“No way!” he frowned. “What do you need my belt for? You have the rope you got from the janitor’s closet.”

“The rope is too short and might not be strong enough. I need the leather belt. NOW!” He quickly unbuckled his belt and tossed it to me as he remained in the doorway. He wasn’t about to take any risks with the alligator out in the open. I approached the alligator and leaped onto its back. Before it could throw me off, I wrapped the belt over its mouth a couple times and buckled it quickly. Then I jumped off before it started to thrash around. “Jack, get those book carts over here!” He just stood there, frozen in fear. I started putting more fish sticks in front of the gator. “Keep focusing on the fish, Timmy. Good gator.”

“Timmy?” Jack chuckled, “Interesting.”

“Get moving!” I shouted.

“Okay! Okay!” He started to push the carts around Timmy quickly. Soon, Timmy couldn’t move. He was trapped in the book cage. We ran around, locking the wheels of the carts quickly so the alligator couldn’t push his way out. When we were done, Jack fell to the floor, panting and shaking.

“How did you do that?” he asked when he caught his breath.

“I know how to be safe around gators; my dad taught me that trick in case I ever ended up in a bad situation.”

“Well, it looked terrifying,” he remarked.

“Gosh. That was harder than I thought,” I snickered. “But we got it done before animal control…”

Suddenly, Mr. Wickleson, the principal, and the animal control man walked into the gym.

“Oh no,” I breathed. “I might be in big trouble for the first time ever.”

“What are you kids doing in here? We are on lockdown because a dangerous alligator is on the loose in the school,” Mr. Wickleson scowled.

“We’re sincerely sorry, sir. We got locked out of our classrooms,” I explained.

“You should’ve been hiding somewhere!” He looked furious. “You should’ve found an empty classroom and locked the door, not an open gym!”

I shrugged. “Well..”

“What are you doing with all these fish sticks?” Mr. Wickleson yelled.

“Actually,” I started.

“Are you trying to pull some kind of prank?” He turned red in the face from anger.

“We got Timmy all wrangled up.” Jack nervously pointed to the book carts.


“The gator,” I beamed.

“What? You wrangled the gator?” he shouted, shocked.

“It was all her!” Jack pointed.

“Me? No, you helped too. We worked as a team.” I went on to tell the entire story from my point of view. After that, Mr. Wickleson asked for Jack’s point of view, which was basically the same story.

“You could’ve been seriously injured, possibly killed,” Mr. Wickleson explained.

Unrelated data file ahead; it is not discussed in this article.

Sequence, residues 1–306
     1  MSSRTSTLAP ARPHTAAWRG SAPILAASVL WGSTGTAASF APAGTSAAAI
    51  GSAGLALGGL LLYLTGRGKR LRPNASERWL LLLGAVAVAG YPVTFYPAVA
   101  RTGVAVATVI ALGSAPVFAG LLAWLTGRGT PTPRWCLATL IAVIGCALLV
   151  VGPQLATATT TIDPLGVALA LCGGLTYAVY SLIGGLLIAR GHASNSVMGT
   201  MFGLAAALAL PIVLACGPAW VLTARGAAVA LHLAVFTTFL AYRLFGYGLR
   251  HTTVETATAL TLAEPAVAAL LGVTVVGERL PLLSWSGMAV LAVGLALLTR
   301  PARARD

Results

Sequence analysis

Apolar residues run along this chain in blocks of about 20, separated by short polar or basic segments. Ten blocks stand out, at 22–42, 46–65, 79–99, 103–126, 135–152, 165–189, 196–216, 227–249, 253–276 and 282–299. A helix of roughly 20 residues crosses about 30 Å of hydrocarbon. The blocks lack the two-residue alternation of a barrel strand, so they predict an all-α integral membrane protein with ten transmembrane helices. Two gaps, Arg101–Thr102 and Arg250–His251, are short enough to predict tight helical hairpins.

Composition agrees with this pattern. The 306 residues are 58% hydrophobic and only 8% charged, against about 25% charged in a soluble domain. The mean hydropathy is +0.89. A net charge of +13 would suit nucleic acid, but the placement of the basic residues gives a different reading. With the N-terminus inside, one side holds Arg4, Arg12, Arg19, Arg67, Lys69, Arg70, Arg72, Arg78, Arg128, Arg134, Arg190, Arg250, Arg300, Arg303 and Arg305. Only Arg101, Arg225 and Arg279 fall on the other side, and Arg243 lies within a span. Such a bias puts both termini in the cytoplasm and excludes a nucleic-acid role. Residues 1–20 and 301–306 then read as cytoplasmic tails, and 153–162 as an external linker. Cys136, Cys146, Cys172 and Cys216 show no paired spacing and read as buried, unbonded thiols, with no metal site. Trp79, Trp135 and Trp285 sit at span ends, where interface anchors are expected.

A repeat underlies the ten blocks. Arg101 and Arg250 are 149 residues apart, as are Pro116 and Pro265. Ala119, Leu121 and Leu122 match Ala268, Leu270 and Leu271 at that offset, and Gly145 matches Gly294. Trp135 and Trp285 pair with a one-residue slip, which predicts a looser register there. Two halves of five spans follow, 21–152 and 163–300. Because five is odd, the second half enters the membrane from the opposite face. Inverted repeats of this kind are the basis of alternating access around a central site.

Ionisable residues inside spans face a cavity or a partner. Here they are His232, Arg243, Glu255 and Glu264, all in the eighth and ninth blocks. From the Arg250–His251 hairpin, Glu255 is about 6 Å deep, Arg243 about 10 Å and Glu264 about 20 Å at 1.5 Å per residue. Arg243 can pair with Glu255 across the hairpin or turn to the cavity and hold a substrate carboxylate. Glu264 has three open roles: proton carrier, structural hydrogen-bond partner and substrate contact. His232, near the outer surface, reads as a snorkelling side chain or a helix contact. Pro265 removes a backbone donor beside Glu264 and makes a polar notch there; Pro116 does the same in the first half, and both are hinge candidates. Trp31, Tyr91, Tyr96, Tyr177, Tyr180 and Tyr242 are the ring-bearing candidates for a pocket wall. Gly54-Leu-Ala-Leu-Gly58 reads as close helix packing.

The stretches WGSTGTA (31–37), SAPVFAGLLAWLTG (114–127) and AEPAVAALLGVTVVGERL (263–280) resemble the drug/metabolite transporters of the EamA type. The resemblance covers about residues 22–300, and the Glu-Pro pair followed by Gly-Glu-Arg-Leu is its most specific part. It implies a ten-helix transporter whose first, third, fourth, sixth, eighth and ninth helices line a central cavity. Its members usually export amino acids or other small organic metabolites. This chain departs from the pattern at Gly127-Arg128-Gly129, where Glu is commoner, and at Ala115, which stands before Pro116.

“Yeah. Gators can be very dangerous,” the animal control guy added.

“Don’t ever do anything like this again. We have protocols for a reason, and they need to be followed for the safety of everyone,” the principal declared. “That being said, I am very proud of you guys, and I’m thankful that you are both safe. Now move out of the way so we can get this alligator out of here and continue on with our school day.”

The animal control man sedated Timmy and was about to take him away when I whipped out my phone. I called my dad and asked him if he wanted another gator. He asked why, and I explained to him what happened.

“Excuse me, sir, do you mind talking to my dad for a second?” I handed the animal control guy my phone so he could talk to my dad.

Finally, the guy said, “Of course!” and hung up the phone. “I’ve got to take this guy to a gator farm down the road. Hopefully he likes the farm more than he enjoys school.” Timmy was loaded onto the truck and left for the farm.

“Sorry about the fish sticks,” I smiled. “I’m not sure what we are going to do for lunch now since we used most of them.”

Mr. Wickleson smiled back and said, “It’s okay. I guess I can just go buy McDonald’s for everyone. The students and staff will enjoy it after a day like today.”

After that odd day, the principal thought it would be appropriate to change our school mascot. He conducted a vote, and the results were unanimous. We became the Sunnyvale Gators, and our mascot was Timmy the Gator, obviously not the real Timmy.


Anoka County Library Write On! 2023 Short Story Contest Winners Copyright © 2023 by Avrie Siedschlag; Ella Howard; Greta Graham; Renad Taher; Rachel Mueller; Daniel Gbati; Julia McBride; Audrey High; Lucia Floan; Rhett LeBeau; Anna Moline; Hannah Jemming; Valomi Lewis; Fen Hendren; Kathryn Downs; Megan Nguyen; Lizzie Elsenpeter; Sophia Accord; and Sophia Acord. All Rights Reserved.